Where does the identity of a fashion label begin and where does it end? What is the value of fashion? And what is the role of the designer? These questions are the focus of designer and artist Elisa van Joolen (The Hague, 1983), who completed her MFA in the Fashion Design and Society program at Parsons School of Design in New York in 2012.
For her project 11”x17”, Van Joolen approached various fashion labels to convince them to donate samples and pieces from archival and regular collections. From the materials she acquired Van Joolen cut out tabloid-sized (11 x 17 inch) sections, which she rearranged to create a series of new garments. In order to break the hierarchy of the fashion labels, she combined high-end items with mass-produced ones, just as consumers mix and match in everyday life.
Invert Footwear is another project in which Van Joolen seeks out the limits of the fashion system. By turning well-known sneakers such as Nike and Converse inside out, the shoes lose their identity. The exposed stitching reveals the labor of the factory worker, something normally well-concealed by the brand’s carefully cultivated image.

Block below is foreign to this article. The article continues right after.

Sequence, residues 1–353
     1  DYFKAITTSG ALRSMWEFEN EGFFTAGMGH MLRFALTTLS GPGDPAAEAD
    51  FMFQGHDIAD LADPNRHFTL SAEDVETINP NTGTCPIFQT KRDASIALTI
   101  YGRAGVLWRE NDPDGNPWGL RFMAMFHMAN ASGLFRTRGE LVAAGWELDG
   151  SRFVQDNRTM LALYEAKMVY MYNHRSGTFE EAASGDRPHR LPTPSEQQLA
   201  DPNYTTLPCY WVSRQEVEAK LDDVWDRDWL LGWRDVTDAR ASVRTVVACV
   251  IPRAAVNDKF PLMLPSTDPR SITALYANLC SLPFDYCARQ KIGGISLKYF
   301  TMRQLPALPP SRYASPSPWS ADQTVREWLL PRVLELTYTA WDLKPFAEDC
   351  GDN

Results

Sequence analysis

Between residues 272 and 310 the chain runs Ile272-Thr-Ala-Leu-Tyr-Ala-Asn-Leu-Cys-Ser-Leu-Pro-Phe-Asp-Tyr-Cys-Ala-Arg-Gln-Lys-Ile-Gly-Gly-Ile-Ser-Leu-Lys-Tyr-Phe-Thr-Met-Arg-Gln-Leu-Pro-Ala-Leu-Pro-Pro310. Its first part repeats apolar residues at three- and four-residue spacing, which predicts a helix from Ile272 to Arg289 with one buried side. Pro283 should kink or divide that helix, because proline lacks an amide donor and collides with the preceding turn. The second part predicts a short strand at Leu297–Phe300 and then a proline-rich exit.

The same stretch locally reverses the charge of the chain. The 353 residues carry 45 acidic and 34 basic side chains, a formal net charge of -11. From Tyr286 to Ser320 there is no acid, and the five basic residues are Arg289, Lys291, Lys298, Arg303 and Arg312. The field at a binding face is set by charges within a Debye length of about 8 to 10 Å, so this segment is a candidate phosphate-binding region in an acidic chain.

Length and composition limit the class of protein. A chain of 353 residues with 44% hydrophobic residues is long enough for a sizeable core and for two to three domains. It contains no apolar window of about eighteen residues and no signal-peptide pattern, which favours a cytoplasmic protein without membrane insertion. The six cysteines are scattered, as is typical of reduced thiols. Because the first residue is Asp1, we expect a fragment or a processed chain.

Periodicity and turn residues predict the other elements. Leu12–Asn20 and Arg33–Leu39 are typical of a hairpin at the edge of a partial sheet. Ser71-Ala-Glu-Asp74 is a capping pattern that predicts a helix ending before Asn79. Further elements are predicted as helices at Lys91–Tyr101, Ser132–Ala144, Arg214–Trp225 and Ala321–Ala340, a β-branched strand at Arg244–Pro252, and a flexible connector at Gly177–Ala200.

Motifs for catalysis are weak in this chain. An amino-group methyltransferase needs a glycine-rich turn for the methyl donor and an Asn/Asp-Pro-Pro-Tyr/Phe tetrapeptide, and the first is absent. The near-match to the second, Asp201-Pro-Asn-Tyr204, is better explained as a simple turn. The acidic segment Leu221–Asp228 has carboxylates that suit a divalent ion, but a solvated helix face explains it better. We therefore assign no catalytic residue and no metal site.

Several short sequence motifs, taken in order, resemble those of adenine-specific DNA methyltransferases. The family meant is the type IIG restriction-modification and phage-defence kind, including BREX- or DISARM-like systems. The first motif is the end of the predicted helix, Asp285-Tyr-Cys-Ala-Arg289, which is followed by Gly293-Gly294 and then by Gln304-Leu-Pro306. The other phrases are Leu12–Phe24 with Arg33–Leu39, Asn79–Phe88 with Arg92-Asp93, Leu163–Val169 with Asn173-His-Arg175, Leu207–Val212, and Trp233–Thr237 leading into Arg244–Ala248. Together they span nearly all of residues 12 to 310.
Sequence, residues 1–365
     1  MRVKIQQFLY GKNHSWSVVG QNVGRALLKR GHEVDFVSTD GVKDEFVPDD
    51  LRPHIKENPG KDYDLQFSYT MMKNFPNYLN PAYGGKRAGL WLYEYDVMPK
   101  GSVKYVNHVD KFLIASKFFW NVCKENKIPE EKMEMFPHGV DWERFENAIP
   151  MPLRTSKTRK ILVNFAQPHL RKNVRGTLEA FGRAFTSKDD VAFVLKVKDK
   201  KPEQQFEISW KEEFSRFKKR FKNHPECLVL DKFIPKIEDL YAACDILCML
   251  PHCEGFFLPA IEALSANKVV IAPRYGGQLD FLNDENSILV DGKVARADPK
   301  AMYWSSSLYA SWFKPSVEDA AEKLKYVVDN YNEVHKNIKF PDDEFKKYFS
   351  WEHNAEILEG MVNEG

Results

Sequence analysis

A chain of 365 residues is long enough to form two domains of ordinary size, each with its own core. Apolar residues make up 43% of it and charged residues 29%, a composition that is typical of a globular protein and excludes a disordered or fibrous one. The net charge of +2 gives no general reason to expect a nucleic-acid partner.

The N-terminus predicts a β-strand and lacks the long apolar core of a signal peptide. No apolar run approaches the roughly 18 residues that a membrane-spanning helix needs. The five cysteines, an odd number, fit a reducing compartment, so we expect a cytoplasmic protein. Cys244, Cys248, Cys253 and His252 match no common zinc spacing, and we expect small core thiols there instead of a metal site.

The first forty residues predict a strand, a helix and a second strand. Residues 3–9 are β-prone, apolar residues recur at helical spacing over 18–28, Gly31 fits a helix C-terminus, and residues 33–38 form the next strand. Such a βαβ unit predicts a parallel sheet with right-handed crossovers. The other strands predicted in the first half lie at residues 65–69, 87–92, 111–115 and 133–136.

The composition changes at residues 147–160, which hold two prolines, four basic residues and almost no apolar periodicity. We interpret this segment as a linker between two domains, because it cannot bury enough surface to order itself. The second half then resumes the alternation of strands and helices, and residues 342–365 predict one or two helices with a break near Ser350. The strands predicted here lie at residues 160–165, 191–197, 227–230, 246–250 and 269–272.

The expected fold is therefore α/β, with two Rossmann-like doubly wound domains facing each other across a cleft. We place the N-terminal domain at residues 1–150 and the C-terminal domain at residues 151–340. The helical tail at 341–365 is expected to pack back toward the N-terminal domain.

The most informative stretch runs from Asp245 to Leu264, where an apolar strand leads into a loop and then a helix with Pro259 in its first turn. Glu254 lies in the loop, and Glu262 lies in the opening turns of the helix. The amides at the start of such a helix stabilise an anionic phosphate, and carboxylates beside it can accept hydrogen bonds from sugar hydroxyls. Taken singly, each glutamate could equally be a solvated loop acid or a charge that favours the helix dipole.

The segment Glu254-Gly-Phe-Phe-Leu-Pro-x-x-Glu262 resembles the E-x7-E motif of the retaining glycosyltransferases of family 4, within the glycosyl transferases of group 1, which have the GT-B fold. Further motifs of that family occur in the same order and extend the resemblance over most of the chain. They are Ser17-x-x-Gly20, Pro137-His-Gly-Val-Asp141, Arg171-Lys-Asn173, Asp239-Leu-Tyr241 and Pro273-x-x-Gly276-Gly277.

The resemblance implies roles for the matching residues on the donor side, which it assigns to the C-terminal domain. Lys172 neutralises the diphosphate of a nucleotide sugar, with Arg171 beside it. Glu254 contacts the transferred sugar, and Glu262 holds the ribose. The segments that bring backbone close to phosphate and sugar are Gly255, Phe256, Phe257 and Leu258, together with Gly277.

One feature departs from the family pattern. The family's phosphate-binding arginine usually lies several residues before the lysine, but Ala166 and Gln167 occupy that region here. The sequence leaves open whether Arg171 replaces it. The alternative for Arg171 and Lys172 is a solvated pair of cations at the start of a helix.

For One-to-One Van Joolen again requested fashion brands to donate clothing. The donated material is inked and used as a medium for printing on other pieces of clothing. In this way each item becomes both donor and recipient; the pieces function as a stamp and are being stamped. The process results in a special kind of “layeredness,” where each garment is an original as well as a copy. Van Joolen’s treatments allow us to look beyond the status conveyed by the label and see the actual material properties of brand-name clothing.
Elisa van Joolen is one of the 26 designers and studios that are selected for the group show Dream Out Loud – Designing for Tomorrow’s Demands. The exhibition can be visited from 26 August 2016 in the Stedelijk Museum Amsterdam. Read more about the exhibition or order tickets.